America should stop reflexively backing traditional U.S. allies in the region, and refrain from deeper involvement in these conflicts. Instead, we should think more clearly about when (and whether) the United States should be involved in Middle Eastern conflicts, and about how such actions fit our overall strategic goals. Because one thing is certain: further U.S. intervention in the Middle East would be an exceedingly bad choice.   

Reg A+: Only a Partial Win for Small Business Capital Access

Tuesday, the SEC approved final rules for so-called Reg A+, a new and revitalized version of the Regulation A exemption, created by the JOBS Act of 2012.  While the new rules remove barriers for issuers seeking a raise near the top of the $50 million cap, they fail to remove the greatest barrier – state registration – for the smaller issuers, effectively leaving them out in the cold. 

Reg A has been essentially unusable for years.  The exemption allows a company to sell securities to the public without full registration, provided the issuer raises no more than $5 million and provided the offering complies with all applicable state securities (“blue sky”) laws.  Because of the low $5 million cap and, more importantly, the heavy burden of complying with at least two regulatory regimes – federal and one or more states – this exemption has become almost entirely obsolete.  Hoping to make a new, workable version, Title IV of the JOBS Act directs the SEC to create an additional class of securities under the exemption.  In addition to raising the cap to at least $50 million, Title IV left the door open for state preemption.

Surprising no one, the state regulators objected.  Although Reg A had languished for years even as small business clamored for better capital access, the North American Securities Administrators Association (NASAA), a group representing state regulators, only very recently announced it had “solved” the Reg A problem.  NASAA’s solution is a program of coordinated review whereby participating states agree to use uniform review standards and a streamlined filing process.  While this process may be a little less cumbersome, it still requires that the issuer complete two separate filings, under two separate regulatory regimes.  For the small companies likely to use Reg A, that is an expensive undertaking.  Moreover, NASAA has insisted that state-level review is important for investor protection, but it’s unclear what additional protection the state regulators provide.  NASAA President William Beatty has argued that small, local offerings require local regulators.  But, as Mr. Beatty himself has said, Reg A offerings that involve local issuers typically involve local investors who are familiar with the issuer.  Also, to the extent there is a benefit from review by a local regulator, that benefit would seem to be lost under coordinated review.  It’s also unclear how any one state regulator is “local” to a company doing a multi-state offering.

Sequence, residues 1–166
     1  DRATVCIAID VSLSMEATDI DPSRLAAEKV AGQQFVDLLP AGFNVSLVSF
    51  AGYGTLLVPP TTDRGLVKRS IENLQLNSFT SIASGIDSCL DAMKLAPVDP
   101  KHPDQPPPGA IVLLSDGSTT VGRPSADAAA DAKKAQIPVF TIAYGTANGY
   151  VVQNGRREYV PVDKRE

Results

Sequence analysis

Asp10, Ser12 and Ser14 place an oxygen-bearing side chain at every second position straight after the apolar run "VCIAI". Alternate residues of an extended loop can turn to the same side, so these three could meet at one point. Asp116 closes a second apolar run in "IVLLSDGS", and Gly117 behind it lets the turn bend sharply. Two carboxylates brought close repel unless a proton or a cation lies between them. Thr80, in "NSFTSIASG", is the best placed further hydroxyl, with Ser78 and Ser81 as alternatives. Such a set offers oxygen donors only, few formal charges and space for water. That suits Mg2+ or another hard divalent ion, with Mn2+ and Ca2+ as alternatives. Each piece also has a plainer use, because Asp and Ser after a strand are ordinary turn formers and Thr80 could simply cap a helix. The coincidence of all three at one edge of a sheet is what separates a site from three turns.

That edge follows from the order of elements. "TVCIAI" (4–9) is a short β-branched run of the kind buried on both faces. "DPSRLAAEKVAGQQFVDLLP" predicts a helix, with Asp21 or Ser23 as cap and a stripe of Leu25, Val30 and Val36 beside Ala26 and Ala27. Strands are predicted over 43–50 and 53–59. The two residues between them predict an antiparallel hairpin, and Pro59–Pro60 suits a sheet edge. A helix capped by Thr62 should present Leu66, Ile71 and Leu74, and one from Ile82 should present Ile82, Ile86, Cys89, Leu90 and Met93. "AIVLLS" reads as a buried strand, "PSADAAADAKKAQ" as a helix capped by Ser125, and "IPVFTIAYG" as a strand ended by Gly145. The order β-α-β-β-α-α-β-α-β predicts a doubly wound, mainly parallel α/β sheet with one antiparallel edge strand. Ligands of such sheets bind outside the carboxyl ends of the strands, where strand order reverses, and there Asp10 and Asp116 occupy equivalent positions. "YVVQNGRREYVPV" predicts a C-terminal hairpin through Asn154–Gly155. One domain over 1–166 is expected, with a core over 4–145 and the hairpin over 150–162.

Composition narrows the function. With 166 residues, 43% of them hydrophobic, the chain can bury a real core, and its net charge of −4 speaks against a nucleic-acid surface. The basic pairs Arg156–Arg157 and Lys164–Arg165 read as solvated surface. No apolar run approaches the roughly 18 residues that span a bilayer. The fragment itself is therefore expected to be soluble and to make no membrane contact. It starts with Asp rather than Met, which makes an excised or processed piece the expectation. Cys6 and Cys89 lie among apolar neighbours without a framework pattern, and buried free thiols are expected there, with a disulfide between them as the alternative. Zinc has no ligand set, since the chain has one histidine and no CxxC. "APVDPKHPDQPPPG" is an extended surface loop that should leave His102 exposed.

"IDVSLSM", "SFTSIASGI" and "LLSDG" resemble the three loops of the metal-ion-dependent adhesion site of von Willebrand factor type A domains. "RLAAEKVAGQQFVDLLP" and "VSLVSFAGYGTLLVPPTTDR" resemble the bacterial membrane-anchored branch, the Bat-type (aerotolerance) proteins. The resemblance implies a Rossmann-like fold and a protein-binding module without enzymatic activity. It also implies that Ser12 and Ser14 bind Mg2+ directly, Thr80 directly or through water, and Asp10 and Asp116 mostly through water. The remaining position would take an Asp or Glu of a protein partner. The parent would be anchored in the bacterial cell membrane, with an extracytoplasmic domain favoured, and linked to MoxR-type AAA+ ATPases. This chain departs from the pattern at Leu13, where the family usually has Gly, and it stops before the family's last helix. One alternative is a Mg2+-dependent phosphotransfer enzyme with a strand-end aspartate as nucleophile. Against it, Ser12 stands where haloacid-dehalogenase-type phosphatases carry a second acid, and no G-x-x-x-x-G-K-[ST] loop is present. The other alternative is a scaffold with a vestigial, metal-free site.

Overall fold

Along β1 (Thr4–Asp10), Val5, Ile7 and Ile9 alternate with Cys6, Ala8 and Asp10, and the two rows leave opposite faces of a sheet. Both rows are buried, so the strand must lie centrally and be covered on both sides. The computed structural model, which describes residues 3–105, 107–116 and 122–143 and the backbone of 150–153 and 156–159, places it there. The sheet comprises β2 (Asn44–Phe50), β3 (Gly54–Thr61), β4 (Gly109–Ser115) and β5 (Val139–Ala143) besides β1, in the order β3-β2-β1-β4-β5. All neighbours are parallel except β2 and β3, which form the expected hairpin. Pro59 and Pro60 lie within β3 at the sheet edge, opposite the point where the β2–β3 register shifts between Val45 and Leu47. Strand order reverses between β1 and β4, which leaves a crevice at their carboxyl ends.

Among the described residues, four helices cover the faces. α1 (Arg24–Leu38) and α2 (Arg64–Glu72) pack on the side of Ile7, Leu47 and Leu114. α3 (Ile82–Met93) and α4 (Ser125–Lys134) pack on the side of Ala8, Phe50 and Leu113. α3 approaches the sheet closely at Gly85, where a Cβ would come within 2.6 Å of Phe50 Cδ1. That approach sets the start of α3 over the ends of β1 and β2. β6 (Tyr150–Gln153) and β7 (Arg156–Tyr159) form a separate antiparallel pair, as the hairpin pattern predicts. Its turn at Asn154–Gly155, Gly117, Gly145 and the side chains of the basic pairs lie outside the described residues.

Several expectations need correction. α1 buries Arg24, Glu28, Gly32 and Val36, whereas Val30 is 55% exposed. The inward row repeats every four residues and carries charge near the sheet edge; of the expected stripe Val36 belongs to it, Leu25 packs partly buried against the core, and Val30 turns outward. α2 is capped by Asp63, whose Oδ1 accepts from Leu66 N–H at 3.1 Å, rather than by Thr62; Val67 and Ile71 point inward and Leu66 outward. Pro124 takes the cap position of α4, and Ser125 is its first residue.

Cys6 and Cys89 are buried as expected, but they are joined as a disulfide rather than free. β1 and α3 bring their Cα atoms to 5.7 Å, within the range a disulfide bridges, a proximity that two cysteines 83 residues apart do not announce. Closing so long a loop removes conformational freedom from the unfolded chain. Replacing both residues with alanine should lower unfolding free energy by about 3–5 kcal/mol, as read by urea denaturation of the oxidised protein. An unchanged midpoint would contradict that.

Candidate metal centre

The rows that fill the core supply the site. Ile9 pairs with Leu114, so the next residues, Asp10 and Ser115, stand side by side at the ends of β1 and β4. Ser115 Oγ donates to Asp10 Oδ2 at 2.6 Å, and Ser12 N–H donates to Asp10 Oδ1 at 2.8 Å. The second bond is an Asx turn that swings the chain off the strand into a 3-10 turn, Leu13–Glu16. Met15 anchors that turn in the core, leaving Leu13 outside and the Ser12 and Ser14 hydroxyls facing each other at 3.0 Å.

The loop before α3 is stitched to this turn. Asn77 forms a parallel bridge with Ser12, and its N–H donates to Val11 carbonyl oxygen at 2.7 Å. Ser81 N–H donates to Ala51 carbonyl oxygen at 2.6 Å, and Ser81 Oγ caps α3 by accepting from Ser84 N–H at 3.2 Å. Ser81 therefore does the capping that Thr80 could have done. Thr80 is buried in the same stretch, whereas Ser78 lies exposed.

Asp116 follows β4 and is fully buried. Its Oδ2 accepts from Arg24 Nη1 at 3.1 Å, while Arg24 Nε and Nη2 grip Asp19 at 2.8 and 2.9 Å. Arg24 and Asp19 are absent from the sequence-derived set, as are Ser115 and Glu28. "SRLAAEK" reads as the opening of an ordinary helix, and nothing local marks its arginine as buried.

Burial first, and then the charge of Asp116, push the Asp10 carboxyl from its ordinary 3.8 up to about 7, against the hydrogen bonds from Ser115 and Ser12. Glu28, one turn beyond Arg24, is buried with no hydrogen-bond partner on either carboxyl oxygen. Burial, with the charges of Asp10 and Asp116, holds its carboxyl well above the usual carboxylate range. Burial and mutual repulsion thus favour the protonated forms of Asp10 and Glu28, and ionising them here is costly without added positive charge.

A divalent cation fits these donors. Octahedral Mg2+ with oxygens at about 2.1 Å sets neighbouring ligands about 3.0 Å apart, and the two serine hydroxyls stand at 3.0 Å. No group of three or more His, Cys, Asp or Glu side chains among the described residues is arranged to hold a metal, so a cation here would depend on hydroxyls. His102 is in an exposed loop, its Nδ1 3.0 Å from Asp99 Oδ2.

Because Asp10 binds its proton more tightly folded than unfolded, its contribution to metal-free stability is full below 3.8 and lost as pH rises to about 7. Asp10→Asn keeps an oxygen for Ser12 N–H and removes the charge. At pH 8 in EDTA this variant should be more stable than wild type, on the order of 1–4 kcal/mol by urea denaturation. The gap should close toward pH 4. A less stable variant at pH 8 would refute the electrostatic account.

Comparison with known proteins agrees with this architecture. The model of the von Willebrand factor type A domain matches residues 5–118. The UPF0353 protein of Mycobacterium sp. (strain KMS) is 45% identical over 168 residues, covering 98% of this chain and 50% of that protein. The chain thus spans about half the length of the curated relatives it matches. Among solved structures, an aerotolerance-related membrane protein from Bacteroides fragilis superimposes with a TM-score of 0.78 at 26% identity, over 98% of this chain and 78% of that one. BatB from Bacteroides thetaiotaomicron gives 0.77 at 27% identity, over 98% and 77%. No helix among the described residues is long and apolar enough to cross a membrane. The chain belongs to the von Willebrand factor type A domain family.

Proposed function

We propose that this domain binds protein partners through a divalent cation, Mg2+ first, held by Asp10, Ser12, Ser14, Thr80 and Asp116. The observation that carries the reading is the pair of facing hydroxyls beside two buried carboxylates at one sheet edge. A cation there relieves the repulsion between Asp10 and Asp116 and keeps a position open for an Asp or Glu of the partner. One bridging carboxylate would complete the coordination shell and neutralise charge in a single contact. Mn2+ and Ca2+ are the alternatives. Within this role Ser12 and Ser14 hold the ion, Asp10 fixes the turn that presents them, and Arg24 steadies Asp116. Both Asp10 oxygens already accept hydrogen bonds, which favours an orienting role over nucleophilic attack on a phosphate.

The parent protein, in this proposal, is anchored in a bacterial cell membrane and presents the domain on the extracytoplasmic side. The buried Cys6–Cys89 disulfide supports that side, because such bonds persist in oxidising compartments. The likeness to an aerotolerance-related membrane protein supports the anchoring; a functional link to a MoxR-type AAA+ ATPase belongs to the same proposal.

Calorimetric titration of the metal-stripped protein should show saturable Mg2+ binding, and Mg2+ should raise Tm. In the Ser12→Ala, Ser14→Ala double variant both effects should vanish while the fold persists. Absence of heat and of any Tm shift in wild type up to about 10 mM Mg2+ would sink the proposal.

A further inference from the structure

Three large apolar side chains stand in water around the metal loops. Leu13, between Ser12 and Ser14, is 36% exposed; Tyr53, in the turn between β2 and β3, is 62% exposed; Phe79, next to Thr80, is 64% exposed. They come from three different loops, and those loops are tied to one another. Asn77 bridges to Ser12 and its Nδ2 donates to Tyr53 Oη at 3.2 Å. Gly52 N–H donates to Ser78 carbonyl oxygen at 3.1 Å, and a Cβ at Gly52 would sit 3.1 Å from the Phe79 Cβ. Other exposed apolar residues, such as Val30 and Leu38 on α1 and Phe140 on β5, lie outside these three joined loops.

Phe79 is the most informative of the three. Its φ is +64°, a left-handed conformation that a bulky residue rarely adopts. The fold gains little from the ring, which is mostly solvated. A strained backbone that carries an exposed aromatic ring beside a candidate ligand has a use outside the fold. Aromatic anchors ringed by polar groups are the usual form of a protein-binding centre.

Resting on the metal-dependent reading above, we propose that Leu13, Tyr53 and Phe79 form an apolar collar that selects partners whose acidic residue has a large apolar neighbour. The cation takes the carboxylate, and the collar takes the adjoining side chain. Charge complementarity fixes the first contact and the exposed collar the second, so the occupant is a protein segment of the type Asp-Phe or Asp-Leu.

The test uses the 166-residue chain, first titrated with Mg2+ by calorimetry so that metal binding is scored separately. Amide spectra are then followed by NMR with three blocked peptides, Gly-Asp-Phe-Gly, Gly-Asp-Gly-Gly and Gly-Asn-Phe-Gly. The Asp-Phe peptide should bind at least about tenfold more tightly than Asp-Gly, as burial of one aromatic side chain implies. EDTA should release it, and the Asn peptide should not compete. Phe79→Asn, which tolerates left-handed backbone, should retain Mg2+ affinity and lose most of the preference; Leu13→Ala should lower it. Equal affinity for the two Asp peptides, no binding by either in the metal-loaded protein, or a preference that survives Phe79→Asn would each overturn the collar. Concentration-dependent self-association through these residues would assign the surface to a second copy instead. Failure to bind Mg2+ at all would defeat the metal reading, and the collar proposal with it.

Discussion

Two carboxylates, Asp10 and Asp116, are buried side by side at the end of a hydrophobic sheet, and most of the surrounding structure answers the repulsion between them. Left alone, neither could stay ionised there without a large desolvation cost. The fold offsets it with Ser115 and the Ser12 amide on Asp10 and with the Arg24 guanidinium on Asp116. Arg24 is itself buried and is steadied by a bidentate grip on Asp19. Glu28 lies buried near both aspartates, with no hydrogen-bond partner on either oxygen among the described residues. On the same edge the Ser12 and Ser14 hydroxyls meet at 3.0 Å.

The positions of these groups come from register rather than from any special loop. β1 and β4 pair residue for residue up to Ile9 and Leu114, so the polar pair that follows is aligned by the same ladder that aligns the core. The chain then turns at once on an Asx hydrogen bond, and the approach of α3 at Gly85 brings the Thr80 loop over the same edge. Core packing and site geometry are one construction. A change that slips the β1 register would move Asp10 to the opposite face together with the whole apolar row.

In the end, the SEC split the baby.  Reg A+, the Commission announced, will have a two-tier structure.  Offerings under Tier 1 may raise up to $20 million and will be subject to blue sky laws.  Offerings under Tier 2 may raise up to $50 million and will not be subject to blue sky laws.  Tier 2 offerings will have additional requirements not applicable to Tier 1 offerings, however, such as a cap on the amount a non-accredited investor may invest (10% of income or assets), periodic filing requirements (annual, semi-annual, and current event), and the obligation to file audited financials.  Given the expense and demands of blue sky compliance, it’s unlikely many issuers will use Tier 1.  That means that companies seeking less than $20 million will either choose a Tier 2 raise or, more likely, find that the new Reg A+ is as unusuable as the old one.  

Spring Regulation Issue: Oil, Obamacare and Tech Innovation

This week, Cato released the Spring issue of Regulation.

The cover article, by economist Pierre Lemieux, argues that the recent oil price decline is at least partly the result of increased supply from the extraction of shale oil.  The increased supply allows the economy to produce more goods. This benefits some people, if not all of them.  Thus, contrary to some commentary in the press, cheaper oil prices cannot harm the economy as a whole.

A related article examines the dramatic increase in crude oil transported by trains and whether additional safety regulation of tank car design should be enacted.  Economist Feler Bose argues that companies have an incentive to reduce accidents to reduce insurance rates.  Thus less-obvious ways to prevent accidents, like better track maintenance, may be more cost-effective and undertaken voluntarily to reduce insurance costs.

The issue has three articles on health policy.  Cal State Northridge professor Shirley Svorny describes how state medical licensure boards do very little to discipline doctors who cause medical errors.  Instead, medical quality is created by the private decisions of individual hospitals to grant privileges to doctors to treat patients and the decisions of specialty boards, such as those that govern cardiology, to certify members as qualified.  A second article concludes that the regulation of electronic cigarettes is likely, even though the evidence for adverse health effects is thin, because a powerful coalition of existing cigarette companies and anti-smoking activists would benefit. A third article examines questionable legal maneuvering by states to implement aspects of the Affordable Care Act (Obamacare).